Is Multitasking Still a Skill to Boast About?

Multi Tasking Cartoon

Over the last 4-5 years I have read many articles (popular as well as academic) that have consistently tried to educate people that multitasking is inefficient, error-prone and negatively impacts the mental health of the so-called multitasker.

However, I still receive job applications with resumes that highlight the multitasking skill of the applicant. So, I chased this a bit, and discovered that even consultants helping people apply for jobs advice them to highlight their multitasking skills (or is it a single skill?). I have also found ‘multi-tasking skill’ as a checklist item in the interview evaluation forms of a few organizations.

Evolution of the Multitasking concept

The word ‘multitasking’ first appeared in the description of the capabilities of an IBM computer (System/ 360) in 1965. People started using the word for human beings in the 1980s as a desirable skill and something that enhances productivity.

So, what is multitasking in human beings?

Human multitasking is the apparent performance by an individual of handling more than one task, or activity, at the same time. The term is derived from computer multitasking.


In the last ten years, multiple controlled experiments and studies have been conducted to understand the concept of multitasking in humans. The research consistently shows that humans cannot pay attention to multiple things at the same time. So they are essentially doing rapid context switching. This increases the total time taken and also increases the errors. People who typically multitask, perform poorly (compared to people who do not typically multitask) even when they are asked to do tasks sequentially.

Multitasking is Not Recommended

So, unless it is absolutely necessary, do not multitask (I am using the word multitasking as is commonly used – actually it is some kind of rapid context switching). And do not take pride in your multitasking. Here are a bunch of reasons:

  1. It could be dangerous – like talking on the phone while driving, or texting while walking on a busy road. In some professions, trying to simultaneously do more things than what is absolutely required may be fatal to others (surgeons, air traffic controllers, pilots, etc.).
  2. It is slower and less efficient. According to some studies productivity can reduce by around 40% when you multitask.
  3. It is error-prone. Research consistently shows that people make more errors while multitasking. So, the tasks that you get “First Time Right” reduce significantly.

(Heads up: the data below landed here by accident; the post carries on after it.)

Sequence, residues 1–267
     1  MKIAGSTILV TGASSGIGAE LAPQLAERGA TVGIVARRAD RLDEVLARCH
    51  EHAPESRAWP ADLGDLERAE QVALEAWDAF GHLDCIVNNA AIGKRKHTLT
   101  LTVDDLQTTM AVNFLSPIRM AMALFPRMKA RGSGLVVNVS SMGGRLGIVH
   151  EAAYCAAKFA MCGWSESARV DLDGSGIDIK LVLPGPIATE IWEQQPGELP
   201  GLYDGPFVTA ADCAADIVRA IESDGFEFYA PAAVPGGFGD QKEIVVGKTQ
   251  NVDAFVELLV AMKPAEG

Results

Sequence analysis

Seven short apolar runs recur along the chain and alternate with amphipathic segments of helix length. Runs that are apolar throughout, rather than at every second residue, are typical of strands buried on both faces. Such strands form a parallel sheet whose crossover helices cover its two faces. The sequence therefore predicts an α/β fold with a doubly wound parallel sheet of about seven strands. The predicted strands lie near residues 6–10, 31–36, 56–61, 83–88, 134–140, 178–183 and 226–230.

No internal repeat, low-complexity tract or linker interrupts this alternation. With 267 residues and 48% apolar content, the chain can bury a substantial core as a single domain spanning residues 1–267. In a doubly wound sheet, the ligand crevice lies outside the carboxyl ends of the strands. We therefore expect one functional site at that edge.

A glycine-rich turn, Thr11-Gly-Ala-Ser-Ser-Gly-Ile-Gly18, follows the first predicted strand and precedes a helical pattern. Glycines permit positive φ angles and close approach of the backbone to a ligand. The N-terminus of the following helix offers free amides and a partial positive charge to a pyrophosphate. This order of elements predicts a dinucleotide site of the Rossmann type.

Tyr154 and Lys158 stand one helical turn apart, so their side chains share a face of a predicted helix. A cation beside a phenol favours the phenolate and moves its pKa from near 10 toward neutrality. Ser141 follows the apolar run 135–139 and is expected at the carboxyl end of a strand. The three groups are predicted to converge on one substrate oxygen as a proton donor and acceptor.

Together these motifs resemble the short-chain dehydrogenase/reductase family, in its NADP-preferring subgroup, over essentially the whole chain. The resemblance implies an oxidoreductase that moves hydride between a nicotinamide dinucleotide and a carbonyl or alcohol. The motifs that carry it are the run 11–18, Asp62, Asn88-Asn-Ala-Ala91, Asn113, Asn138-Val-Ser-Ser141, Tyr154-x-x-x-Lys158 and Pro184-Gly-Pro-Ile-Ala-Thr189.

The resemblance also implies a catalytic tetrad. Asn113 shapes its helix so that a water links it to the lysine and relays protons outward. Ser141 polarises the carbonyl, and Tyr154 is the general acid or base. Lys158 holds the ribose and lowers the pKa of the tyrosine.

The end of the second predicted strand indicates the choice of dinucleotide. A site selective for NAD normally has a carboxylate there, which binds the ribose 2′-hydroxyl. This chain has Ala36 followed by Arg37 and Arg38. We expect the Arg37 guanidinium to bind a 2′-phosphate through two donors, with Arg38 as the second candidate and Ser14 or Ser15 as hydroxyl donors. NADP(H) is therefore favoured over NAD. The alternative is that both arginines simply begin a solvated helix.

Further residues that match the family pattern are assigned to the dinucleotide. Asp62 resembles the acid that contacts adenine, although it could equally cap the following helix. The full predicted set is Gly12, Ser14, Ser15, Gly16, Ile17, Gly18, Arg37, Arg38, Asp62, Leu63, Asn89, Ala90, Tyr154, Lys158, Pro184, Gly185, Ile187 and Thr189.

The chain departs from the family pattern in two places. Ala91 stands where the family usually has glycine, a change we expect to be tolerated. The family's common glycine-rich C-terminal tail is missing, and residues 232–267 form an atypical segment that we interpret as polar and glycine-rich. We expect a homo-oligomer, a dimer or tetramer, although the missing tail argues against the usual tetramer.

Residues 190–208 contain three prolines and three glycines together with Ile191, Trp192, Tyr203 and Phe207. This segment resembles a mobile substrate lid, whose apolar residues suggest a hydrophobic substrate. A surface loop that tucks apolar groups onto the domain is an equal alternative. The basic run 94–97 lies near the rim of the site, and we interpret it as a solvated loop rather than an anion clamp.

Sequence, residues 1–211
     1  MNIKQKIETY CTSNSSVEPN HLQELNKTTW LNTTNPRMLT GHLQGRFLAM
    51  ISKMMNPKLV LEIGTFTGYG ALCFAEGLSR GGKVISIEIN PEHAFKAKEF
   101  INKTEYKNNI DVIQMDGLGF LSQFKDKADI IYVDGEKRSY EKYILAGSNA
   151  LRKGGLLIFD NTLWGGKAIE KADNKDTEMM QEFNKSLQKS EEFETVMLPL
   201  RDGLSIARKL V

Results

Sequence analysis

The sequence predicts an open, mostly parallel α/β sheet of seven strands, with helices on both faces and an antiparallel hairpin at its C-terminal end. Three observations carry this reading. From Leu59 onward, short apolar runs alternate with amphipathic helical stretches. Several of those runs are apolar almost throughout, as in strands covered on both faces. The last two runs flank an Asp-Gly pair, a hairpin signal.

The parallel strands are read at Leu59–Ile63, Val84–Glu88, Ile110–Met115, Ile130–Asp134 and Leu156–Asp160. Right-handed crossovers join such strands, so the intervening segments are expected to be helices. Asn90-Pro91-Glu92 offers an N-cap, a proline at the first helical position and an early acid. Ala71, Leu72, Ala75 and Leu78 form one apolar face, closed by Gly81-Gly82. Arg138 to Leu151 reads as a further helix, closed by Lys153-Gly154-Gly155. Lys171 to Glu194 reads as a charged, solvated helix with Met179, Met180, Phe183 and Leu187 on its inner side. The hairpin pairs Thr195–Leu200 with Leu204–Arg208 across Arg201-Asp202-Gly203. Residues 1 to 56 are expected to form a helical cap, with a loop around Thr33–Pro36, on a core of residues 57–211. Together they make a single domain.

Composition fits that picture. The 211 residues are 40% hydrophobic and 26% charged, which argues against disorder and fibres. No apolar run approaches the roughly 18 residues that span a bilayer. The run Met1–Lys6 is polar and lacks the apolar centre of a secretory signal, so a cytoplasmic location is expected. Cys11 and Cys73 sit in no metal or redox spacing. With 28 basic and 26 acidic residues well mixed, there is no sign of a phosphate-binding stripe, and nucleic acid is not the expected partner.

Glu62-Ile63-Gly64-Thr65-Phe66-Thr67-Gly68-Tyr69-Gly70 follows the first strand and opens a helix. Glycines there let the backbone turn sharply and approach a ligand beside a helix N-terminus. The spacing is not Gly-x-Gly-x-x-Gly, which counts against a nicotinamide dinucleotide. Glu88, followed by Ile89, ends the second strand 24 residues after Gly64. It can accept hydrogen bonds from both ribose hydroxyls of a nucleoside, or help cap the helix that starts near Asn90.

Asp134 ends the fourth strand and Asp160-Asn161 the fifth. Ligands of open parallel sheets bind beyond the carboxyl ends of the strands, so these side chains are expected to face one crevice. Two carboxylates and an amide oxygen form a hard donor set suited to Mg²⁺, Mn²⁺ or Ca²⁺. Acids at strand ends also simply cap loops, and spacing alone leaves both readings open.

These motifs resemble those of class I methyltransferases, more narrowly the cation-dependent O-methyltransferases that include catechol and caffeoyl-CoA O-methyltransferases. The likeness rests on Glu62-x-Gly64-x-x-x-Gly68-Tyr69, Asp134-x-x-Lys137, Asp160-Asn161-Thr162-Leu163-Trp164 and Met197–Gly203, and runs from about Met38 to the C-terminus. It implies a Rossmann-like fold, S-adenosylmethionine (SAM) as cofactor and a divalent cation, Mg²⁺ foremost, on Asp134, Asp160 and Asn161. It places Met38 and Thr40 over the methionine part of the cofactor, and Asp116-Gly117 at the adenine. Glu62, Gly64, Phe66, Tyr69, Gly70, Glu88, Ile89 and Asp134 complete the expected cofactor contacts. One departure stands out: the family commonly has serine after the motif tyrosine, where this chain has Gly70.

4. There is no sense of satisfaction of completion, because there are multiple tasks in progress, and the sense completion of one task  is overshadowed by the rest of the ‘work-in-progress’.
  5. Communication becomes unclear and unsatisfactory – in professional and personal life. Because you cannot pay continuous attention to what others are saying. Nor can you convey a complete concept that requires long communication. This could impact relationships too.
    For example, because you were on the phone while typing an email, you may mark the email to the wrong persons, or send the email with partial / wrong information – thereby creating confusion that needs further communication and sorting out.
  6. Multitasking increases stress. When we start to drop balls,and make mistakes our feeling of overwhelm increases, and the stress keeps building.
  7. Multitasking reduces the IQ (temporarily) by around 10 points – roughly equivalent of missing one night’s sleep – for people who are already sleep deprived or already have a low IQ, it may be a disaster :-).
  8. Multitasking becomes more difficult with age. As all of us are ageing at the same rate (1 day per day, 1 year per year), we will be able to do less and less of ‘multitasking’ as time flies.
  9. Multitasking while eating can make you overeat – so it is not aligned with healthy eating.
  10. Need to multitask may be addictive – you may be soon be unable to focus on a single task for a long duration, even if that is essential (like answering a 2 hour examination without your cellphone or tablet or laptop or TV or favorite book).